Wilson focused on future after getting fired by Caps

He may seek coaching job or pursue career in TV

Hockey

May 14, 2002|By Sandra McKee | Sandra McKee,SUN STAFF

Ron Wilson, who was fired as the Washington Capitals' coach Friday after five years on the job, was home in Hilton Head, S.C., yesterday taking calls from the media and trying to relax.

"It's all part of the business," said Wilson, about the decision general manager George McPhee made to let him go. "George made the decision he felt he had to make. I've been busy with my daughter's graduation from South Carolina, and now I'm just letting the dust settle and doing whatever grieving process goes with this separation."

McPhee, a personal friend of Wilson's, said he made the decision based on player interviews after the season that indicated the team had "tuned out" its coach. Team co-captain Brendan Witt said 90 percent of the players "had issues" with Wilson and "had basically stopped listening to him at the end of the season and were just playing for one another."

Wilson said he has a year left on his contract with the Capitals and feels no pressure to rush out to look for a job. He pointed out he has options and could eventually look for a coaching job for the coming season, take a year off or look into working for television.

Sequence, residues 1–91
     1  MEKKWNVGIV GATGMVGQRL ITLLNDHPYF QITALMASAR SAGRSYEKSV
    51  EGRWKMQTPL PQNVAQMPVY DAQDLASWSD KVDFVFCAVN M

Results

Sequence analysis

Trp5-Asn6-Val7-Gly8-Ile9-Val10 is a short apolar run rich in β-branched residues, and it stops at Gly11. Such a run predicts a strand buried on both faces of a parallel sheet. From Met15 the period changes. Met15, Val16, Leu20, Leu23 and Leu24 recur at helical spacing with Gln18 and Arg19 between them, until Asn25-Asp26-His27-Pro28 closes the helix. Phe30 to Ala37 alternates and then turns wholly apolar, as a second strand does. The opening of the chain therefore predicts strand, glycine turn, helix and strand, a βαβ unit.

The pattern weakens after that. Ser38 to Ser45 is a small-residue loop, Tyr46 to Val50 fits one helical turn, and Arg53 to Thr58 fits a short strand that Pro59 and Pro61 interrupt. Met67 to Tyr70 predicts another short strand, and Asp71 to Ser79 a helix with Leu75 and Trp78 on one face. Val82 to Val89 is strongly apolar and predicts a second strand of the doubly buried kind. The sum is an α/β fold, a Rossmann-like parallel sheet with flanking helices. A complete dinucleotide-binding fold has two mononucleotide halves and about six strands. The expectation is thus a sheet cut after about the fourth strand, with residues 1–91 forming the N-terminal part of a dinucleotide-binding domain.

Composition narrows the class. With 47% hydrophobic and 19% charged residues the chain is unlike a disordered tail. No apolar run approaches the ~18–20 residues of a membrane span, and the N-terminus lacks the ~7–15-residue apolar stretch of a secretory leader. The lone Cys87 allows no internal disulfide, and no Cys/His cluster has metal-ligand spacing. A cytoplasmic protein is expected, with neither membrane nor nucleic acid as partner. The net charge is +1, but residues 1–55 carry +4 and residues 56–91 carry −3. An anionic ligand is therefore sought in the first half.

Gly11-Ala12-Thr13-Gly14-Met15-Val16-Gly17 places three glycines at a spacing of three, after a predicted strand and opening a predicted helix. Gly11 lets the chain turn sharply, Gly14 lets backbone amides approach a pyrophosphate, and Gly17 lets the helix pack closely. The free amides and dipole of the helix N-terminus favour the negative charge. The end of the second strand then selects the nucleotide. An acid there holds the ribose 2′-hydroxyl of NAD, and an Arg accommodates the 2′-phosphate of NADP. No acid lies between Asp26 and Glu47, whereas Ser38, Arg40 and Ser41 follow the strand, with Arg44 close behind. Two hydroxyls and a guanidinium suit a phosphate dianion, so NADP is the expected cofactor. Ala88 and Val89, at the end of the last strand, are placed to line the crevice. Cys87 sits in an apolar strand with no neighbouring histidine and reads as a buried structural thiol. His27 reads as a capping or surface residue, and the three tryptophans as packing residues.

"Some people have said I'd be good at television and it might be fun from the aspect that I'd never lose a game," he said. "But it might also be good to just sit back and recharge my batteries. I can afford to do that if I want to."

Wilson said he was and wasn't surprised by his dismissal. Only a month ago, owner Ted Leonsis said his job was safe and three weeks ago, after McPhee finished with the players "exit interviews" at the end of the season, he was told "everything was cool." But then McPhee thought about the situation and made the move to fire Wilson.

"We didn't make the playoffs," Wilson said. "And I feel responsible for that. I had five years in Washington and in the NHL that's a tremendously long amount of time. Sometimes coaches need a change of scene, too."

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